Prussia, known for its beauty, industry and military power. However, in the medieval era, Prussia was fragmented and inhabited by numerous barbarian tribes, who fought amongst themselves for control of the land. The borders of the barbarian kingdoms, which were established after the fall of the Roman Empire, changed repeatedly. The region that came to be known as Prussia was roughly divided between the territories of Brandenburg-Prussia, West Prussia and East Prussia. The Lubchen family emerged in Brandenburg-Prussia, which is essentially the birthplace of modern Germany. By the 19th century, Brandenburg-Prussia had incorporated East Prussia, West Prussia and many other German territories. Moreover, in the late 19th century, it led the German states in the German Unification.
Early Origins of the Lubchen family
Prussia, where the name emerged in mediaeval times as one of the notable families of the region. From the 13th century the surname was identified with the great social and economic evolution which made this territory a landmark contributor to the development of the nation.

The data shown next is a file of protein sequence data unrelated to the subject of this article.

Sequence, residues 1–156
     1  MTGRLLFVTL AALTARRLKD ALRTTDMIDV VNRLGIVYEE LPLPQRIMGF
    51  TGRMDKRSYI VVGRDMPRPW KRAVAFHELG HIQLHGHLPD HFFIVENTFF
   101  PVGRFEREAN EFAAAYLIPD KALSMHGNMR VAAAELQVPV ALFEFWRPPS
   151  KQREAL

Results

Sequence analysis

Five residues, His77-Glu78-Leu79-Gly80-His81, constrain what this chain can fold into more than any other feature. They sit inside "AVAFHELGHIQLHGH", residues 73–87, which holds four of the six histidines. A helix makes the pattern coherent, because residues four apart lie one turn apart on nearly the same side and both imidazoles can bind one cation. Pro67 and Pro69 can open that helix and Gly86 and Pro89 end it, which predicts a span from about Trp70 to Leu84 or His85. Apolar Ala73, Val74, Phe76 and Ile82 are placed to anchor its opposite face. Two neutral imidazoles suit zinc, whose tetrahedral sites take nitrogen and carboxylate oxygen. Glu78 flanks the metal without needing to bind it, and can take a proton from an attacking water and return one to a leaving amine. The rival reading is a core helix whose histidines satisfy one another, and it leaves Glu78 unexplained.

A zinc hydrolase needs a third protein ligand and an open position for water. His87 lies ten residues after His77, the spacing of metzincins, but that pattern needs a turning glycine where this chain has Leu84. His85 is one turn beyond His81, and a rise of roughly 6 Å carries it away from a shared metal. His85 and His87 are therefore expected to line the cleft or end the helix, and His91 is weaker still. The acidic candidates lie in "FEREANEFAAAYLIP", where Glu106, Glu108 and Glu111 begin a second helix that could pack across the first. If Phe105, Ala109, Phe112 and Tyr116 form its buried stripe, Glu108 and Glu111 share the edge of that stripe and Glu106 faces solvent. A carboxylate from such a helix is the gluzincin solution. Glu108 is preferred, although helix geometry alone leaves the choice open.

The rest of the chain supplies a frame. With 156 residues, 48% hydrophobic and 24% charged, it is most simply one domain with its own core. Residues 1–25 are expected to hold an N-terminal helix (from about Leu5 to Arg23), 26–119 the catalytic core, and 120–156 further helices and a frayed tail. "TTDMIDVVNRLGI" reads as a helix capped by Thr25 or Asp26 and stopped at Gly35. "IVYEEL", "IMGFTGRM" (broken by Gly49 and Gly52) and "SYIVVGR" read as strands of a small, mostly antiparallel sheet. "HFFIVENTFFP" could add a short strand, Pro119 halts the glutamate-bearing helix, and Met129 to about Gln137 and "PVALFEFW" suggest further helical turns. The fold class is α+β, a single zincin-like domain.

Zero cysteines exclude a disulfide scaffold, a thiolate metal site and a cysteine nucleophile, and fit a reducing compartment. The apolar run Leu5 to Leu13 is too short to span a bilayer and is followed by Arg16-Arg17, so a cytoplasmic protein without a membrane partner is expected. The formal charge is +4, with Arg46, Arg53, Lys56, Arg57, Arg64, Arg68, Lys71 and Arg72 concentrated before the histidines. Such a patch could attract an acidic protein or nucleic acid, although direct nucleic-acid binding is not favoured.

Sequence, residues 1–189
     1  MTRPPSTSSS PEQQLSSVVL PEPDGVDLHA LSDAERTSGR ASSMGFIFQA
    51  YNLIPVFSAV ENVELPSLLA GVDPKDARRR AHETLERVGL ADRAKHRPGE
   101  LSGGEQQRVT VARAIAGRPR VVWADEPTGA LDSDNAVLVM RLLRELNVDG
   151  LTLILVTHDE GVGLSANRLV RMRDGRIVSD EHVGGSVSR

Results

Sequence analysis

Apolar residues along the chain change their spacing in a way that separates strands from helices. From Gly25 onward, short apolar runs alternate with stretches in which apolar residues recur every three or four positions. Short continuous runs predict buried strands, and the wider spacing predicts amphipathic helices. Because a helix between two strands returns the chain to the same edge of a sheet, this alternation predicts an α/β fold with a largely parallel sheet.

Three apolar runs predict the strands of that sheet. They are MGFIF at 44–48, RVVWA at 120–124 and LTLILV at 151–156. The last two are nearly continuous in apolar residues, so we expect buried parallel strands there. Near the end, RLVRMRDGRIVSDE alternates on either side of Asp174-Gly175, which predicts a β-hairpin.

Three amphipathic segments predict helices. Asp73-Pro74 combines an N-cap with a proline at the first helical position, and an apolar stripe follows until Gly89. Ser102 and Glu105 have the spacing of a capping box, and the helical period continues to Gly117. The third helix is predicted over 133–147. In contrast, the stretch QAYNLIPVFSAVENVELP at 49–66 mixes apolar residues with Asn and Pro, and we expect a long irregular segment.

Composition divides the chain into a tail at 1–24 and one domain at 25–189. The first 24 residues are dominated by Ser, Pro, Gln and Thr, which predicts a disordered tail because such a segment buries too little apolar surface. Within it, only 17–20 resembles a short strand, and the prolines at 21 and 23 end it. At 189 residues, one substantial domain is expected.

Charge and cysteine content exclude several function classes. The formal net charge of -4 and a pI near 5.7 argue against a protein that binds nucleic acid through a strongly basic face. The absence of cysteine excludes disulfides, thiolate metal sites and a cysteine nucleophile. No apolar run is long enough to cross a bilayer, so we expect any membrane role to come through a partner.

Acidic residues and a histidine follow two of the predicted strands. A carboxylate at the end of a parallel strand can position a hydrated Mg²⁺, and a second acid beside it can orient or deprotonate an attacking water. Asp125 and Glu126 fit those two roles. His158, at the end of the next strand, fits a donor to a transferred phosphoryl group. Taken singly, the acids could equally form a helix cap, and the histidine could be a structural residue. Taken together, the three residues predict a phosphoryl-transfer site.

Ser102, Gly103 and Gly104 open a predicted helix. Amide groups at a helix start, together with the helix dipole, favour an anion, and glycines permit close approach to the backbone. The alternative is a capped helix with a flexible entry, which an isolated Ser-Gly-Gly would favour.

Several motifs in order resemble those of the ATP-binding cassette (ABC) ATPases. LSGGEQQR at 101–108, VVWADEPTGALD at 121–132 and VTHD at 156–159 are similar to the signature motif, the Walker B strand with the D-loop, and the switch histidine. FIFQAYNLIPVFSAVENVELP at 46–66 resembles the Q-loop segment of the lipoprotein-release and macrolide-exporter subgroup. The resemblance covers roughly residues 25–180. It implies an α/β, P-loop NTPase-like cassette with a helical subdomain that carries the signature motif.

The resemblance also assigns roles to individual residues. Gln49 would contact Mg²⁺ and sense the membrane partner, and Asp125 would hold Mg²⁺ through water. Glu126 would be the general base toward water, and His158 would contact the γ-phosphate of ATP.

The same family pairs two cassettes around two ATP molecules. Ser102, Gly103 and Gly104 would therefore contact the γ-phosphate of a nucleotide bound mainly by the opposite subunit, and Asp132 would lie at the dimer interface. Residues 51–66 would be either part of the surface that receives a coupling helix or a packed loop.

Early History of the Lubchen family
Another 261 words (19 lines of text) covering the years 1725 and 1725 are included under the topic Early Lubchen History in all our PDF Extended History products and printed products wherever possible.
Lubchen Spelling Variations
Early Notables of the Lubchen family (pre 1700)
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Migration of the Lubchen family to the New World and Oceana
The state of Prussia was a great influence on the shape of modern Germany. After the Second World War, Prussia's land was divided among the Soviet Union, Poland, East Germany and West Germany and the state was abolished. Some Prussians remained in those countries after the war, while many others migrated to North America in search of a new start. Philadelphia was their primary point of entry to the United States, after which many of them moved on to Ohio, Texas, Illinois, California, New York, and Maryland. A large number of Prussians also migrated to Ontario and the prairie provinces as United Empire Loyalists. Analysis of immigration records has shown some of the first Lubchens to arrive in North America, and among them were: J. Lubinsky, who arrived in Texas with his wife in 1855; Georg Lubcken, who came to Philadelphia in 1734; and George Lubke, who came to Pennsylvania in 1741..
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